History Faculty Member Padhraig Higgins to
Speak about New Book at UPenn March 15
N.J. -- Growing up Catholic in Dublin and London during the 1970s
and 1980s, Mercer County Community College Assistant Professor Padhraig
Higgins, of Philadelphia, was well aware of the bombings, hunger
strikes and armed militants in Northern Ireland as a result of Protestant
vs. Catholic sectarian strife. He vividly recalls the Irish Republican
Army's bombing campaign in England. This time of heightened political
factionalism fueled his intense interest in Irish history, self-identity
and politics, he says.
Making his mark as an Irish history scholar, Higgins has drawn upon
years of research to publish his first book, A Nation of Politicians:
Gender, Patriotism, and Political Culture in Late Eighteenth-Century
Ireland (The University of Wisconsin Press, 2010). In his book,
Higgins focuses on a period of Irish history that has received minimal
scholarly attention - the time frame from 1778 to 1784. Higgins
will present a talk on his book at the University of Pennsylvania
Bookstore on Monday, March 15 at 7 p.m. The store is located at
3601 Walnut St - University Square in Philadelphia.
Assistant Professor Padhraig Higgins
with new book
am particularly fascinated with 18th century Irish history because it
symbolizes the emergence of a vibrant style of vocal politics which overcame
sectarian divisions," explains Higgins, who teaches Western civilization,
world history, European women's history, English history and honors courses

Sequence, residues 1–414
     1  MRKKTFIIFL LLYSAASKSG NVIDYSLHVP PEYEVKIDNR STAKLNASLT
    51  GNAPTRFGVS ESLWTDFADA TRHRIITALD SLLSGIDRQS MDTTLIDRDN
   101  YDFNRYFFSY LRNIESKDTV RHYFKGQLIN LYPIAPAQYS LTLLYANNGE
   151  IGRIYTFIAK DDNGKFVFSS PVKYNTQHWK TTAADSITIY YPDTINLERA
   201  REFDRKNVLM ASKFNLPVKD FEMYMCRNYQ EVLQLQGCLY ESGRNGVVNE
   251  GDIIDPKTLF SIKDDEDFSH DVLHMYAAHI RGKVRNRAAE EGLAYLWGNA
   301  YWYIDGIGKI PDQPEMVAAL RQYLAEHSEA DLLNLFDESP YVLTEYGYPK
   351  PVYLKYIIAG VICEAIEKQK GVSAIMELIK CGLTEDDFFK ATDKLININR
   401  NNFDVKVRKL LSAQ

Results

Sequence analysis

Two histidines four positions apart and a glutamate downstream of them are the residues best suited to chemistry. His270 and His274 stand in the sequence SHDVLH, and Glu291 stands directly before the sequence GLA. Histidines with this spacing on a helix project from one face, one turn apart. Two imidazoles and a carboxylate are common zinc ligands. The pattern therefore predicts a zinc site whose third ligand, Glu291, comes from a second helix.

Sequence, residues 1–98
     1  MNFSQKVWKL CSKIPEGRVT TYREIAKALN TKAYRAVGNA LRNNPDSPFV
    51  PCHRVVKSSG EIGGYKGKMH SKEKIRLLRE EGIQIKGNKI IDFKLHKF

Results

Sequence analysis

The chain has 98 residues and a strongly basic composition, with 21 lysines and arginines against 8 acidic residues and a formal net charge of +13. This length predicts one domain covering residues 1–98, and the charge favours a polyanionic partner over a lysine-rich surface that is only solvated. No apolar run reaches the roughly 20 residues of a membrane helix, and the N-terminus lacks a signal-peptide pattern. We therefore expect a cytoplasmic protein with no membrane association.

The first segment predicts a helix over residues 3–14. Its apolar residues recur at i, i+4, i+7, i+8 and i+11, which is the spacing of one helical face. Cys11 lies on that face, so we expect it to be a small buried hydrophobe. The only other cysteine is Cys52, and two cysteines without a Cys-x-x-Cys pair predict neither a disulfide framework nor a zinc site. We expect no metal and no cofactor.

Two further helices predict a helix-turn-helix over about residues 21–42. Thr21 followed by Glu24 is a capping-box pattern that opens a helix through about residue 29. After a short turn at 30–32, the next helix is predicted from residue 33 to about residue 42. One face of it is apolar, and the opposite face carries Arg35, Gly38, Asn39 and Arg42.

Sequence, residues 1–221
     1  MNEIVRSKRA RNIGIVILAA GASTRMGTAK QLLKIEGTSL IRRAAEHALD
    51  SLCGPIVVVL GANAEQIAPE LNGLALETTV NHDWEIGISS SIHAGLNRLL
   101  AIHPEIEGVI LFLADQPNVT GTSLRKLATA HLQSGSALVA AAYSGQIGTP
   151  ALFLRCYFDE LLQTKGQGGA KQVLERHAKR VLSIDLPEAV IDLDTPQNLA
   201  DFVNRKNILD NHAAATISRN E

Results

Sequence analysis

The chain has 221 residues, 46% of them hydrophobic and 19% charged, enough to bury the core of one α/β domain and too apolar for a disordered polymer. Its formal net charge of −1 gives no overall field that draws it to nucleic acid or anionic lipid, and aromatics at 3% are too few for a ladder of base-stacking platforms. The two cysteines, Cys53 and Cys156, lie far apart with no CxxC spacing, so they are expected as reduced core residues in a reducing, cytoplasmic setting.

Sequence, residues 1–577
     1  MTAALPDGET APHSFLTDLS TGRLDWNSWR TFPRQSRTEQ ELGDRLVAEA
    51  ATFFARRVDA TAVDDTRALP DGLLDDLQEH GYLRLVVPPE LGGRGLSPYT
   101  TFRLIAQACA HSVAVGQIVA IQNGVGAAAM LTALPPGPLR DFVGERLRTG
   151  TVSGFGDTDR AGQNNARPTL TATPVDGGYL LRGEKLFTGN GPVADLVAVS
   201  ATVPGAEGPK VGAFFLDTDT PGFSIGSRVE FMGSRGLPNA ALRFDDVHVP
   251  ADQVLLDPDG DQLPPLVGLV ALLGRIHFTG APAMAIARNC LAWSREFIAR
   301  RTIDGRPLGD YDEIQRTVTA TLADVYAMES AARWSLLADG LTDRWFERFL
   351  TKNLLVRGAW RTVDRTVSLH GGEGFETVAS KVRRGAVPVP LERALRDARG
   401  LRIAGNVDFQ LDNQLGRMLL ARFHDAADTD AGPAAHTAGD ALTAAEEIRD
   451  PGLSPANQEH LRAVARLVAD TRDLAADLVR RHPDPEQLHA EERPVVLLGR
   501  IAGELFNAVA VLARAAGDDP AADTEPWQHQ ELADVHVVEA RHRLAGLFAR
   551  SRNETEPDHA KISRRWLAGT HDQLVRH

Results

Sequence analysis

at MCCC, which has campuses in West Windsor and Trenton, N.J. "I
wanted to draw attention, first, to the richness of the political culture
of the time and the type of symbolism used by a group of grassroots political
organizers known as the Volunteers.
"This emergent group -- women, lower-class Protestants, farmers,
shopkeepers, and other members of the laboring and agrarian classes --
was traditionally excluded from the Irish political sphere," Higgins
observes. "They became politically empowered collectively via various
methods of communication ranging from petition campaigns, sermons, songs,
ballads, toasts, celebrations, rumors and gossip."
Higgins' intent was to increase awareness of the unifying political contributions
of many "forgotten men and women" of Irish history. Traveling
to such places as the National Library of Ireland, the Royal Irish Academy
and Ulster Museum, he poured over data. For him, it was a labor of love,
which began while preparing for his doctoral dissertation as a graduate
student at Penn State University.
"The Volunteers shaped many important aspects of Irish nationalism
in the 19th century. Even today, many things associated with Irish identity
- the harp, the shamrock, hard drinking and pubs - were first adopted
as symbols of 'Irishness' by the Volunteers. They were the first to try
to promote St. Patrick's Day as a unified national celebration that overcame
sectarian divisions," Higgins says.
Throughout his journey, Higgins reflected on what he loved most about
his hometown aside from family, friends and childhood memories -- the
historical richness of Dublin, and Trinity College, his undergraduate
alma mater. "Dublin is a very 18th century city with such structures
intact as the original parliament building, statues of great politicians,
and the cathedral associated with Jonathan Swift, just to name a few.
At Trinity College, I studied under some of the best 18th century historians
so that also influenced the direction of my studies," said Higgins,
who plans to conduct research next on the history of the working class
poor in 18th century Dublin.
Higgins' zeal for research and lively intellectual discourse spills over
to the classroom. Teaching at MCCC for the past four years has been a
high point in his life, he says. "My students are great; they always
challenge me to think about the material in new ways."
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